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WHSTech
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Re: Your Schedule

Postby WHSTech » Sun Apr 10, 2011 10:21 pm UTC

Next year (Junior in high school):

AP Calculus BC
AP Chemistry
AP US History
AP Computer Science (Java)
English III Honors (American Literature)
French IV Honors
Wind Ensemble

All full year courses, although CompSci, Calc, and Chem shouldn't be too difficult. I'm dreading the language classes though, because most of our English Department is very tough and I don't do very well in French.

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keeneal
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Re: Your Schedule

Postby keeneal » Mon Apr 11, 2011 7:05 am UTC

Fall - Senior Year (Arcadia University, English/Secondary Education)

GM285 - King Arthur in the German Epic Myth
EN490 - The Text, The Critic, and the World (English Senior Seminar)
EN374 - Grant Writing for Non-Profits
ED412 - Instructional Methods and Designing Curricula : Writing to Improve Literacy (Education Senior Seminar)
EN344 - Introduction to Linguistics and Language History (this is my "fun" course)

I'll also be a peer mentor for a First-Year Seminar... so I'll be attending another class, but they'll be paying me and I won't be doing any of the work :P
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Username4242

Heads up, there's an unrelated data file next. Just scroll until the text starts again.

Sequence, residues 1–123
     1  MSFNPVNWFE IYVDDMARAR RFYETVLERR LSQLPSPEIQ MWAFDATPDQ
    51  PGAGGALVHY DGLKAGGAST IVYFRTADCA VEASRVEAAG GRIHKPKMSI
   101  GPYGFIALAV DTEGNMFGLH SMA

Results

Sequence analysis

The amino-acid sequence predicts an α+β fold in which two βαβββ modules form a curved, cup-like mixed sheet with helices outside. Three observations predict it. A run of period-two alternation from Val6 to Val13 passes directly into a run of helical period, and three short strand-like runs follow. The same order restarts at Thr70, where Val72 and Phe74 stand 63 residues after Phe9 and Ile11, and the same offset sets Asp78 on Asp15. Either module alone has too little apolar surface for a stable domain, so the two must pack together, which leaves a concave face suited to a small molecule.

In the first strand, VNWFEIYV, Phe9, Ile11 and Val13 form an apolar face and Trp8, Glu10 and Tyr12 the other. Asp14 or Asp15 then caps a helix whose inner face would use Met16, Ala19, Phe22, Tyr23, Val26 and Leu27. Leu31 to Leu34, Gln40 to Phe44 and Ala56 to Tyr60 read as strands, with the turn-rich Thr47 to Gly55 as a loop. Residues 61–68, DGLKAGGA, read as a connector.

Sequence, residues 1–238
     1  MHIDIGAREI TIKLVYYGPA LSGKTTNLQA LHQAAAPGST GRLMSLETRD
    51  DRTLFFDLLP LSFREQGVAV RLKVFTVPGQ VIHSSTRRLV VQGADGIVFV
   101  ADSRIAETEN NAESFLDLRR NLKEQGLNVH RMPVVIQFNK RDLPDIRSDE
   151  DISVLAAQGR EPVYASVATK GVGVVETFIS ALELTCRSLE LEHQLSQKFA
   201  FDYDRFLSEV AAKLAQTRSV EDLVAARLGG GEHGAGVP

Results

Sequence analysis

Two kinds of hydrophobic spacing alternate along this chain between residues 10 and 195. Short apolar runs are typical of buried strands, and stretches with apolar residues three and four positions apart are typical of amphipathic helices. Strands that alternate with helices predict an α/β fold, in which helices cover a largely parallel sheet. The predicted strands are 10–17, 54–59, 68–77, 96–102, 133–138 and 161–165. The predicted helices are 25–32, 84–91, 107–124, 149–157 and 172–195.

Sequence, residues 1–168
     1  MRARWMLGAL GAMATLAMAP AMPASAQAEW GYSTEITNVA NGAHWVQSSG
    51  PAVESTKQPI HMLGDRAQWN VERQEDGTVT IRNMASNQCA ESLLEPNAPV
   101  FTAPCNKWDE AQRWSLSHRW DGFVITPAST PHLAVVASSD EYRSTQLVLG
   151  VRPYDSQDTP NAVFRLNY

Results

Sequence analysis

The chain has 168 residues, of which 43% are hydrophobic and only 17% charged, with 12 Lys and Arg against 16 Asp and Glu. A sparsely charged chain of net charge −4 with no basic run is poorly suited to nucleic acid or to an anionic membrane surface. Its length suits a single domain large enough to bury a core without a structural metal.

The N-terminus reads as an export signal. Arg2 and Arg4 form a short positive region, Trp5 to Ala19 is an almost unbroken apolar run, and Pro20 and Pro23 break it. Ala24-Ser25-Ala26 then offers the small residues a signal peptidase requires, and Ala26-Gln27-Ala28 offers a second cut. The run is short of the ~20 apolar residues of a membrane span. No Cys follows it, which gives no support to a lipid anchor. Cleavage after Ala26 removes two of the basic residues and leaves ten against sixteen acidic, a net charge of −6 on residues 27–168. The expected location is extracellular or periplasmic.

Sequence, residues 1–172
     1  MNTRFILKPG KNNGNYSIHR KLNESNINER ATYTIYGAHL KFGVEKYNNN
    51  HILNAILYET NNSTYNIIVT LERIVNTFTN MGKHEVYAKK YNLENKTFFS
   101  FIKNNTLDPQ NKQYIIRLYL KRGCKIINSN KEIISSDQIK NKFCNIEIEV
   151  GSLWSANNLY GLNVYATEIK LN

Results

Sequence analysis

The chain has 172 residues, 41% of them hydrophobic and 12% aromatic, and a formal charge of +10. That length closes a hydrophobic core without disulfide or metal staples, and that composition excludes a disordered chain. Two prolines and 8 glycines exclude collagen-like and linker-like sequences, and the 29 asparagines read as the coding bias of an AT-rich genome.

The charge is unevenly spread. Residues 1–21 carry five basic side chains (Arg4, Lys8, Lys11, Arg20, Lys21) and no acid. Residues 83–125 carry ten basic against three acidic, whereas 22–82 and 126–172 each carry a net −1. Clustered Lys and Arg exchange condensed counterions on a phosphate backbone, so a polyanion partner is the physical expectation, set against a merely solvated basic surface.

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Re: Your Schedule

Postby Username4242 » Mon Apr 11, 2011 2:27 pm UTC

Population Genetics
Conservation Biology
Mammalogy
Aquatic Field Ecology
Ecology Seminar
Physics I

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existential_squirrrel
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Location: San Rafael, CA

Re: Your Schedule

Postby existential_squirrrel » Tue Apr 12, 2011 6:55 pm UTC

finally got to register for my classes after a small goof by the registrar's office... It didn't say anywhere on my transcript that I had tested out of MATH 1210(intro to college math), 1300(intermediate algebra), 1400(college algebra), 1450(lower division reasoning/logic), or 1500(pre calculus). So I wasn't allowed to register for Physics because the pre-requirement for Physics is taking MATH 1400, which I tested out of. They were going to make me take college algebra before I told them that I was in MATH 1700 (Calculus II). So I had to talk to my advisor and ask her to help me get some permissions over-ridden so I could take my Physics class... rawr